Views on Equipment by Dana Naldrett
I have always been an equipment collector, but it has taught me a valuable lesson. Better equipment will not take better pictures unless the talent and knowledge is there behind the camera. Having said this, however, with better equipment, you are more likely to take a good picture with whatever talent or knowledge you have.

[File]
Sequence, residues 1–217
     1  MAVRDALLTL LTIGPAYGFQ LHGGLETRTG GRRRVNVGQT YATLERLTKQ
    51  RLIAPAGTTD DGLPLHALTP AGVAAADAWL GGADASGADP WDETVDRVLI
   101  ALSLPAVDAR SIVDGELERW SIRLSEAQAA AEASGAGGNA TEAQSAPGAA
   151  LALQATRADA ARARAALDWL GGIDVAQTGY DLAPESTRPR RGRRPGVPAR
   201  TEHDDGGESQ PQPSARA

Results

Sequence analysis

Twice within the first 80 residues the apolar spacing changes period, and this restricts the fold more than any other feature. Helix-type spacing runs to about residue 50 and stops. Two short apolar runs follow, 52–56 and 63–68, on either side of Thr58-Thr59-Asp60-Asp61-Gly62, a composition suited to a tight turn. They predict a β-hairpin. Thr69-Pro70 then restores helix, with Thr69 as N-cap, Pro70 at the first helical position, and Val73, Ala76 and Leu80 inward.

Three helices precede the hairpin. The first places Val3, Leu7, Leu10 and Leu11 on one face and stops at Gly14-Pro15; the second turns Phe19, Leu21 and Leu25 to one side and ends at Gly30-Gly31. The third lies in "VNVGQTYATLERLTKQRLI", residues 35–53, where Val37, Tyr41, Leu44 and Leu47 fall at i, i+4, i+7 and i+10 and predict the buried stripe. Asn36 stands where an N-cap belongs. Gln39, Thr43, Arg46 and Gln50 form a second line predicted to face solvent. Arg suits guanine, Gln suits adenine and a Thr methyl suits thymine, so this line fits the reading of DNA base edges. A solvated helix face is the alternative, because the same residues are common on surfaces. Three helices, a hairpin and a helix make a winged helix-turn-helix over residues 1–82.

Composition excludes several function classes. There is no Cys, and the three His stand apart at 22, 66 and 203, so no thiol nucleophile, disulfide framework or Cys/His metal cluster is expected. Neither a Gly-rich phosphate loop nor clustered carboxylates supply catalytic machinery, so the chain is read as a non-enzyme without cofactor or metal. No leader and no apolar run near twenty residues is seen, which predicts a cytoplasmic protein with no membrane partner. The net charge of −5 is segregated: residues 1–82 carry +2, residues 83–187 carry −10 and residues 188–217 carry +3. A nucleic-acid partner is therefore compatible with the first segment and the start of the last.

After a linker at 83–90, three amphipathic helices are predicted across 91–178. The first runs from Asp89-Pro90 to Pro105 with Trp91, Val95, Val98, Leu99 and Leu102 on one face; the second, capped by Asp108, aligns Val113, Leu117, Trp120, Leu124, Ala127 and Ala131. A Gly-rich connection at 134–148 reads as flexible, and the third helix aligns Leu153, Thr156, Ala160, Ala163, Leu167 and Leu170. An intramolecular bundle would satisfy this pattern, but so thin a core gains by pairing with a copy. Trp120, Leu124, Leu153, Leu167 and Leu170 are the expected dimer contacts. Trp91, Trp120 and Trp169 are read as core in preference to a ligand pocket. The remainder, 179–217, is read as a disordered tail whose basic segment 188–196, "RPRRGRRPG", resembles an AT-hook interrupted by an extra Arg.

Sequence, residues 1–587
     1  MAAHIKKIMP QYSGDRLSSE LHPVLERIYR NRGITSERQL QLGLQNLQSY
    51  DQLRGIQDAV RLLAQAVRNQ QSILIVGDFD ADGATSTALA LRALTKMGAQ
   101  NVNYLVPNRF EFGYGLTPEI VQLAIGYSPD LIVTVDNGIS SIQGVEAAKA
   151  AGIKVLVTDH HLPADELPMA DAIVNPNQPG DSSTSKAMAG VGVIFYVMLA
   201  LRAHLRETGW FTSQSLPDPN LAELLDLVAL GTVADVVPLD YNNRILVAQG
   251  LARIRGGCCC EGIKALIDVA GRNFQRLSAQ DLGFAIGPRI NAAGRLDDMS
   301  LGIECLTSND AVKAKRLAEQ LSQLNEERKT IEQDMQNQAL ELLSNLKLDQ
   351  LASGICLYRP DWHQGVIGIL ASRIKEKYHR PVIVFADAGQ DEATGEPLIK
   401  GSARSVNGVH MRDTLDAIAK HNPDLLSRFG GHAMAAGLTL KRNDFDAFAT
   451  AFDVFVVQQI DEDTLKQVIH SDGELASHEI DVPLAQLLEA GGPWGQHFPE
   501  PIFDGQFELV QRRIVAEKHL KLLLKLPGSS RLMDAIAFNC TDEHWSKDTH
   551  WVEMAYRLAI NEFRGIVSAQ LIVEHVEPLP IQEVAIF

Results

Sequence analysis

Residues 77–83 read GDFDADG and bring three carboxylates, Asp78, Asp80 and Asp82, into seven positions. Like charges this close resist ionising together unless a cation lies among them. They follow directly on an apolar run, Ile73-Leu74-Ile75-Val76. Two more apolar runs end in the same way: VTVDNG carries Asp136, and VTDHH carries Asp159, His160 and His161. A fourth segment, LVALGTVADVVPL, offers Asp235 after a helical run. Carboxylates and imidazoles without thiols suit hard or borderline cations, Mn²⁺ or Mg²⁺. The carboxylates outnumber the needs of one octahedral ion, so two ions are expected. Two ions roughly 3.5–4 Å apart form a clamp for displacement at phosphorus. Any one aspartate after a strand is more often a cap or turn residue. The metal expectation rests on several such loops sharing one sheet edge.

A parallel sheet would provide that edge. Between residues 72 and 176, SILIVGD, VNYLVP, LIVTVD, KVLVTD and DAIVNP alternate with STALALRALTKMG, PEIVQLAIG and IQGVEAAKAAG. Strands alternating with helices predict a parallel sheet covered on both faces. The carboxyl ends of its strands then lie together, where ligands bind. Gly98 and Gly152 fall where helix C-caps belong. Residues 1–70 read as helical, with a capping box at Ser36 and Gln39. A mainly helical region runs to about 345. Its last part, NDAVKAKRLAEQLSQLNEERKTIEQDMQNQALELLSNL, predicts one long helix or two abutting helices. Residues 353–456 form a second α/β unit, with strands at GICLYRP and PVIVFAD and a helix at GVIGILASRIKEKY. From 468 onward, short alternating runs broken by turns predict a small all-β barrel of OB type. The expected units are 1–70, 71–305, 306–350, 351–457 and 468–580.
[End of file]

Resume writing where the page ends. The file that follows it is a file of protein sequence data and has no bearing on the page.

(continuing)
Rather than the camera system, the most important consideration in the digital age is probably the sensor size of your camera. For a good summary of sensor attributes, see Outdoor Photographer® April 2008 Digital Formats article. Most people will have a choice of two sensor types: full frame (35mm) and less than full frame (APS-C). The advantage of full frame sensors is good resolution and use of wide angle lenses without any multiplying effect. The disadvantage of a full frame sensor is that longer lenses will not be multiplied, and the sensor is very expensive. For professional and landscape photography, a full frame sensor camera is ideal. Most photographers will likely start with a camera having an APS-C sensor, since they are cheaper and more common. The less than full frame sensor has a multiplying effect on all lenses used, so that Canon cameras have a 1.6X and Nikon a 1.5X lengthening of the focal length of a lens. For example, a Nikon camera with a 200mm lens will have an effective lens length of 300mm with this sensor. This is great for wildlife and candid photography, but not very useful for landscapes where wide angle lenses are needed. There is also some loss of resolution using the smaller sensor, but this may be somewhat offset by the longer focal length of the lens (requiring less blow up of images).